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How 8,400 gallons of Coke kept 007 on his motorbike in No Time To Die 


How 8,400 gallons of Coke kept 007 on his motorbike in No Time To Die

Everyone knows how partial James Bond is to a vodka martini, shaken but not stirred.

However, the making of the latest 007 film involved vast quantities of a rather different drink – Coca-Cola.

The producers of No Time To Die paid £55,000 for 8,400 gallons of Coke to make cobbled streets at one filming location less slippery for a motorcycle stunt.

Crew members spent hours splashing it around Matera in southern Italy ahead of a spectacular bike jump over a 60ft wall.

James Bond on a motorcycle in the much-anticipated new 007 film, No Time To Die 

, Daily Echoed

Daniel Craig fighting in the streets of Matera, during filming of the new 007 production

, Daily Echoed

The producers of No Time To Die paid £55,000 for 8,400 gallons of Coke to make cobbled streets at one filming location less slippery for a motorcycle stunt

The plan was to let the drink dry, leaving a sticky residue that would help the 450cc bike grip the cobbles better when it landed.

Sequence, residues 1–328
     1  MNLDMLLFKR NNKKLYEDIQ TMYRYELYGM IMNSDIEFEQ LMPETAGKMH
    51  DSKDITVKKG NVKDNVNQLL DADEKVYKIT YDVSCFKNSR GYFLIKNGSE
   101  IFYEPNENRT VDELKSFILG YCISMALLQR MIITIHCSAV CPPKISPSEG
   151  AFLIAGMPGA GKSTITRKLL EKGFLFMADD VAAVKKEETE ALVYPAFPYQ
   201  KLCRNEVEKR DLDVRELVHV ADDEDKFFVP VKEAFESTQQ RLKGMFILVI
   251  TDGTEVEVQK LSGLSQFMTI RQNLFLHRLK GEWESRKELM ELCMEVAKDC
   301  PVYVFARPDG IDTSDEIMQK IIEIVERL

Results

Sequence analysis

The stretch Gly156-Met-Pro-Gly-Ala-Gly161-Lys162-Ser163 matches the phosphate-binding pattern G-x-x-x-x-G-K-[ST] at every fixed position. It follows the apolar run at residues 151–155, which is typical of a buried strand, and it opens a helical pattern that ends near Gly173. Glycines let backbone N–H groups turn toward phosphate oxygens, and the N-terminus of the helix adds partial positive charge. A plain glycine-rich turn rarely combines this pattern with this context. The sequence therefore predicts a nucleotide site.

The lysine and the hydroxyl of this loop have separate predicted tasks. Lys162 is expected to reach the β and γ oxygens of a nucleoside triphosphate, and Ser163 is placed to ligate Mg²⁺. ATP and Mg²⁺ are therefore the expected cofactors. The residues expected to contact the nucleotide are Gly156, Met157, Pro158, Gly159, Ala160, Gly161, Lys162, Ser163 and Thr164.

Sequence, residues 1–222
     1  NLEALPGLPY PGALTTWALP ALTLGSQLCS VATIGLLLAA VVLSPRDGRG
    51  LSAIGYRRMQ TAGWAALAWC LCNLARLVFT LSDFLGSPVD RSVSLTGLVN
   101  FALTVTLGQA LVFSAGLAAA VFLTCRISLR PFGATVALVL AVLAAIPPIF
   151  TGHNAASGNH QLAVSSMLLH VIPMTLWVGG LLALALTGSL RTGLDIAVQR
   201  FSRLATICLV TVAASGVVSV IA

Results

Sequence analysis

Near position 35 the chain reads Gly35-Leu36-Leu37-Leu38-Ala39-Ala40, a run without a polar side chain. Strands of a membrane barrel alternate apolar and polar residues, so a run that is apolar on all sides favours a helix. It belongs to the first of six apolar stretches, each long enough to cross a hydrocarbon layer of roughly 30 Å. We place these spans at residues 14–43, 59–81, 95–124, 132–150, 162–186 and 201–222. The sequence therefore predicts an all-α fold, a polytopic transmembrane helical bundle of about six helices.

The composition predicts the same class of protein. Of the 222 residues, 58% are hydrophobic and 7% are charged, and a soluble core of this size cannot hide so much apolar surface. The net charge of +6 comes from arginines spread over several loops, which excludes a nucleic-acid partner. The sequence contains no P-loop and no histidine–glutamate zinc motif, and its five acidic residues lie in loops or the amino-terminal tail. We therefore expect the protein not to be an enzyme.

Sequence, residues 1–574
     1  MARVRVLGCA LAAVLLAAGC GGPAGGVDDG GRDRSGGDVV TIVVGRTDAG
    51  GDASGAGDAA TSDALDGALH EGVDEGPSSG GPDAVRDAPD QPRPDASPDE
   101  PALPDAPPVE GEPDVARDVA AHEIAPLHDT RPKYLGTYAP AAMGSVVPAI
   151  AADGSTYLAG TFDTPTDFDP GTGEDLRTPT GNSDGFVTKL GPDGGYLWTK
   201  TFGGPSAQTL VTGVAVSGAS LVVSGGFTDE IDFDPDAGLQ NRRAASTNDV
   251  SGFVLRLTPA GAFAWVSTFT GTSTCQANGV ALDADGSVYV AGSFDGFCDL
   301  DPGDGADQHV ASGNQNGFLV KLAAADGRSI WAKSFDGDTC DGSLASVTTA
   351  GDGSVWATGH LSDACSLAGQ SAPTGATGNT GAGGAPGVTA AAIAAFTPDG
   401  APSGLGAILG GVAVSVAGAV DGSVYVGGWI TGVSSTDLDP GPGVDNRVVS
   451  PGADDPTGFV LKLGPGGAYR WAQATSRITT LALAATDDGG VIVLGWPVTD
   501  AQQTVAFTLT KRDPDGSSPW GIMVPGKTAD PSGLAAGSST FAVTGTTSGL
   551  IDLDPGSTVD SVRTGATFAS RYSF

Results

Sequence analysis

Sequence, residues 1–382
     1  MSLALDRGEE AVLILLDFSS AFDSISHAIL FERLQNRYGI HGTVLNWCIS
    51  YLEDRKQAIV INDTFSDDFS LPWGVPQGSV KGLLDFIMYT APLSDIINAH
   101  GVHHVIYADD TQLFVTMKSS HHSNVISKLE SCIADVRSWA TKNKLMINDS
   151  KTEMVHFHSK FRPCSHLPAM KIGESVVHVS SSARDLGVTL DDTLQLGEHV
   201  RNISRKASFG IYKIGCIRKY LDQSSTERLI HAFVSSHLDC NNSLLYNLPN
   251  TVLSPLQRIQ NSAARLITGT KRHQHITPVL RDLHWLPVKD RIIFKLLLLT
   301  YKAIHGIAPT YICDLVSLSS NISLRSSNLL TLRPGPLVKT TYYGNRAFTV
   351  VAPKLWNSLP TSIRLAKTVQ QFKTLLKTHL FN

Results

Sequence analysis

For the spectacle, stunt rider Paul Edwards had to hit a 25ft ramp at 60mph to clear the wall and land on the cobbles.

Stunt boss Lee Morrison said star Daniel Craig had come up with the idea and told him about it in a late-night phone call, adding: ‘I spent nearly €60,000 spraying Coca-Cola around Matera. I’ve been spraying Coca-Cola on slippery surfaces for a very long time.’

He told Total Film magazine that the drink also ‘makes things look very clean after it washes off’.

Meanwhile, it has emerged that, unusually, Bond will not appear in the action sequence that traditionally precedes the title credits.

The last time 007 was left out of the scene was when Roger Moore made his debut in 1973’s Live And Let Die. 

In previous opening sequences, the spy has skied off the edge of a mountain before pulling open a Union Jack parachute (The Spy Who Loved Me), made a 750ft bungee jump off a Swiss dam (GoldenEye) and fought a fleeing mercenary on the roof of a speeding train (Skyfall).

The Wall Street Journal described the opening scene of No Time To Die as ‘visually arresting… and entirely Bond-free’.

Bond expert Piers Bracher said the films used ‘a fixed recipe’, adding: ‘It is a predictable formula. That’s why we all like it – or hate it – so much.’ No Time To Die is said to be Craig’s final outing as 007. It is due out in April after being delayed twice by the pandemic.



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